P. 1
Webmin User Guide

Webmin User Guide

4.75

|Views: 17,647|Likes:
Published by Abe Li
A linux server admin Tool by remote web interface. Easy to use, especially for that not very familiar with cmd mode in Linux console.
A linux server admin Tool by remote web interface. Easy to use, especially for that not very familiar with cmd mode in Linux console.

More info:

Published by: Abe Li on Jun 17, 2008
Copyright:Attribution Non-commercial

Availability:

Read on Scribd mobile: iPhone, iPad and Android.
download as PDF, TXT or read online from Scribd
See more
See less

08/16/2013

pdf

text

original

his chapter explains how to backup and restore files with the dump
command, using Webmin’s Filesystem Backup module.

14.1 Introduction to Backups with Dump

There are many ways of backing up a UNIX system—you can just copy files to another direc-
tory, use the tar command to create an archive file or write to a tape device, or use the dump
family of commands. Although copying or using tar is easier, only dump can preserve all file
types (such as named pipes and symbolic links) and file information (such as ACLs and
attributes). It can do this because it has a more sophisticated knowledge of the underlying file-
system than other backup programs.
Another unique advantage of the dump program is its support for backup levels. If you are
regularly backing up the same directory, instead of writing all files to the backup device every
time, you can choose to save only those files that have changed since the last backup of a lower
level. For example, you could do a full backup (level 0) every week, and a much faster partial
backup (level 9) each day. The only down side is that if data needed to be restored, the weekly
backup and all the daily backups for the week so far would need to be read.
Using dump to make backups has some problems that other backup tools do not. The data
that it writes to a file or tape device is not compressed, although this is not a problem with most
tape drives as they compress data automatically. Another problem is that it cannot backup files
mounted via NFS from another server, as it reads directly from the disk, unlike the tar and cp
commands.

14.2 The Filesystem Backup Module

This module allows you to backup directories on your local filesystems, either on demand or on
a fixed schedule. The appropriate command for the filesystem type being backed up is used—for

T

122

Chapter14 • Filesystem Backups

example, xfsdump on xfs filesystems or dump on ext2 or ext3. The module also supports the
restoration of backups, either to their original location or to a different path.
When you enter the module from the System category, the main page will display all back-
ups that you currently have configured, as shown in Figure14.1. Of course, if this is the first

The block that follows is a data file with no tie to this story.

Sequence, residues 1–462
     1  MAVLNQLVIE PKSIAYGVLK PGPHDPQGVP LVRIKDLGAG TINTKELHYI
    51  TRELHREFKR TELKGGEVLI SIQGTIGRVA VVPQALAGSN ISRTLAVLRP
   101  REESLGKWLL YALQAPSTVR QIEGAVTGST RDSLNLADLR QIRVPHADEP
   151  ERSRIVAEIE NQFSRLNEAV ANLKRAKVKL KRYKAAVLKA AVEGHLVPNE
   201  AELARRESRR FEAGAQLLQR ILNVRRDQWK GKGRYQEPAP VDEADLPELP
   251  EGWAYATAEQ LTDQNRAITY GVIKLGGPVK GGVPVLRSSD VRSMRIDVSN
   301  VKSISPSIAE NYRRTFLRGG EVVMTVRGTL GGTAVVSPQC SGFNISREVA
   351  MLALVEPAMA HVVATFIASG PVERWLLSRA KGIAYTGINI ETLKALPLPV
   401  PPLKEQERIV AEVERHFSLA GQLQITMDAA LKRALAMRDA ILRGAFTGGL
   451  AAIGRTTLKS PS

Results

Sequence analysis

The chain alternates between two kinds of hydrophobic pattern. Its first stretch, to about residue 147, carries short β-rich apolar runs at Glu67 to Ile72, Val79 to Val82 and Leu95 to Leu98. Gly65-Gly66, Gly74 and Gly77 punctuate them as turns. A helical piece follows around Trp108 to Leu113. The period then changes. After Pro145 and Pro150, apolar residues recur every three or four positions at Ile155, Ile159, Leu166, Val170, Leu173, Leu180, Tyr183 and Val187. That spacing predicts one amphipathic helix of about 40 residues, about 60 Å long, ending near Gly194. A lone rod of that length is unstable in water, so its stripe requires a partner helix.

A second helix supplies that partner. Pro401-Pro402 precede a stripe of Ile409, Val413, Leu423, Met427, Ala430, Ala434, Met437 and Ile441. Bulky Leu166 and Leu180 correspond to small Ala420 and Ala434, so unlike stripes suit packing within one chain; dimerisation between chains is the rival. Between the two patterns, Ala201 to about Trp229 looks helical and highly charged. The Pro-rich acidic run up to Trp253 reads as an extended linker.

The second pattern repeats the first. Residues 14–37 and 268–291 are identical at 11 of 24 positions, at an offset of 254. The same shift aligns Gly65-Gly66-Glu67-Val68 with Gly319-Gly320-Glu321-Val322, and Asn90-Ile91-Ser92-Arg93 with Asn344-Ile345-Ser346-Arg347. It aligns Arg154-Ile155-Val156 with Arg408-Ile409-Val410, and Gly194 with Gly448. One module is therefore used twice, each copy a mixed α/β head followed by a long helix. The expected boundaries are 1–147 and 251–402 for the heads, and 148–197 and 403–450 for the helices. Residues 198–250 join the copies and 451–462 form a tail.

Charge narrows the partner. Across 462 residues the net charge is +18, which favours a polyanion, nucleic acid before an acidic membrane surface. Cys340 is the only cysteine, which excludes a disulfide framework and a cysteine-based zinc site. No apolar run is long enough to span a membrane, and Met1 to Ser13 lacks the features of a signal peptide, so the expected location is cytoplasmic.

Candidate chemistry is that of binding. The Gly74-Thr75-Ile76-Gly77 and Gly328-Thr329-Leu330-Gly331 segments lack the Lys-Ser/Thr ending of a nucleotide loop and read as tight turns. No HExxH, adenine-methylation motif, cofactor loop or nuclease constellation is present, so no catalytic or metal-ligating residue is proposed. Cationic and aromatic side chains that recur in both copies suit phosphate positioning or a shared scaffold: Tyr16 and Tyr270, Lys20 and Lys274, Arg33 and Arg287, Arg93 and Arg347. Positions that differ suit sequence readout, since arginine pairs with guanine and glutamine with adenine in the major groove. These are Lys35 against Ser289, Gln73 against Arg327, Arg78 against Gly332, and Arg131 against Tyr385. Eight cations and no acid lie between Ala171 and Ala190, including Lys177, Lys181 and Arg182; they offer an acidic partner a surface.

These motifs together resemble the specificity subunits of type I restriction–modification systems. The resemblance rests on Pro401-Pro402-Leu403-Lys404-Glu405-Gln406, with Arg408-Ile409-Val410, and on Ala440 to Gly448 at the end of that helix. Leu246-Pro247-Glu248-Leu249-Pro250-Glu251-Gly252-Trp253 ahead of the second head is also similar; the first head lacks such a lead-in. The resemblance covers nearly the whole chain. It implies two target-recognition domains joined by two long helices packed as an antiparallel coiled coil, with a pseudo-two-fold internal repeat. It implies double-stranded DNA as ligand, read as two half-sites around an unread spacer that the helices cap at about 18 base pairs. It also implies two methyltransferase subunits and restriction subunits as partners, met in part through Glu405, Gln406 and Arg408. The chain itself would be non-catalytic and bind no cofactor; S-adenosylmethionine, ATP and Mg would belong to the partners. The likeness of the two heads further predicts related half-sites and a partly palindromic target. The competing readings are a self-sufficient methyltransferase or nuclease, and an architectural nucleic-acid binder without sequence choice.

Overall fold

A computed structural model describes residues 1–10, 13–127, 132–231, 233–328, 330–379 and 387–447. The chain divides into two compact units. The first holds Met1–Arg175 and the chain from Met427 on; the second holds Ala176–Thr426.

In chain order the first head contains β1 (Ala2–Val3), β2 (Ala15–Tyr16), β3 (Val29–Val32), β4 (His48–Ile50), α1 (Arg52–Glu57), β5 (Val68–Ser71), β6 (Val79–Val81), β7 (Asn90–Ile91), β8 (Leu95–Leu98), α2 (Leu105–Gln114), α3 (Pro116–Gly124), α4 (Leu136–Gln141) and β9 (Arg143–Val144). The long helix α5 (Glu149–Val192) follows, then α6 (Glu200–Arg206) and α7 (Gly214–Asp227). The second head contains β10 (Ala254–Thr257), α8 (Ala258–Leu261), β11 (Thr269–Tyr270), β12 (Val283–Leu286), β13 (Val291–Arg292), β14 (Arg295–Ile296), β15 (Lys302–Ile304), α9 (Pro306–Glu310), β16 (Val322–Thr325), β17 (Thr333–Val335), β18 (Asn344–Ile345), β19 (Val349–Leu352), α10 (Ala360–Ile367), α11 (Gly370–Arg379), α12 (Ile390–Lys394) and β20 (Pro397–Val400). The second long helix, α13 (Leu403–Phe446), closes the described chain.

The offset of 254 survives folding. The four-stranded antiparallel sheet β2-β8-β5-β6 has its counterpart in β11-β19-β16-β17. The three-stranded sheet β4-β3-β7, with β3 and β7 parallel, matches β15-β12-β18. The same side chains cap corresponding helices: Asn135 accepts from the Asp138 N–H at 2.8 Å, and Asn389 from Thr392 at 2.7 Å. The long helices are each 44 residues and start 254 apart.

time you have used the module there will be none to display.
If Webmin detects that you do not have any of the necessary backup commands installed on
your system, an error message will be displayed on the main page instead. All Linux distribu-
tions should include a package containing the dump program on their CD or website.

14.3 Adding a New Backup

If you want to backup a directory, either just occasionally or on a regular schedule, you first need
to add a new backup configuration. This specifies a directory to backup, a set of options to use,
and the times at which it should be scheduled to run. The steps to follow to create a new config-
uration are:

1.On the main page of the module, enter the path to the directory that you want to backup
into the field next to the Add a new backup of directory button. When you click the
button, Webmin will determine what type of filesystem the directory is in (ext2, ext3,
or xfs) and display a backup creation form with options for that filesystem type.
Figure14.2 shows the form for an ext2 or ext3 backup.

Figure14.1 The Filesystem Backup module main page.

Adding a New Backup

123

2.The path you entered will appear in the Directory to backup field. You can still change
it if you wish, as long as the new directory that you enter is still on the same filesystem.
3.If backing up to a local file, set the Backup to field to the File or tape device option and
enter the file that you want the backup written to into the text field next to it.
Backing up to a tape drive is similar to writing to a file, but instead of entering a filename
into the File or tape device field you must enter the device file for the tape drive. For
example, /dev/st0 would be the device file for the first SCSI tape drive on your
system.

If backing up to another server, you must select the Host option for the Backup to field
and enter a hostname, remote username, and file or device name on the remote server.
The server must have the shell service enabled in its Internet Services module, as
explained in Chapter15. An appropriate .rhosts file must also be set up for the target
user, to allow the dump command to connect without needing to supply a password.
4.If your backup is being written to a local file that you do not want to be larger than a cer-
tain size, set the Split across multiple files? option to Yes and enter the maximum size
in kilobytes into the Tape size field. This can be useful if the backup is going to be later
saved to multiple CDs or Zip disks.
5.If you are doing multiple backups at different levels as explained in the introduction,
change the Dump level field to something other than Full backup. However, if you want
each backup to contain all files in the source directory, leave it unchanged at level 0.
6.If you are backing up to a tape, it is a good idea to set the Tape size field to the number of
kilobytes that can fit on your tape. Otherwise, the dump command may underestimate the
amount of data that can be written and fail to complete the backup.
7.The chattr command can be used to mark a file to be skipped when making backups,
which can be useful if the directory contains huge and useless files that you would rather
not save. However, when doing a level 0 backup such files will be included, unless the
Always exclude marked files? field is set to Yes.
8.If you are familiar with the dump command used on your operating system, the Extra
command-line parameters
field can be used to enter extra options to be passed to the
program, such as –A /tmp/archive. Otherwise, leave it blank.
9.To have commands run before and after the dump command is executed, fill in the Com-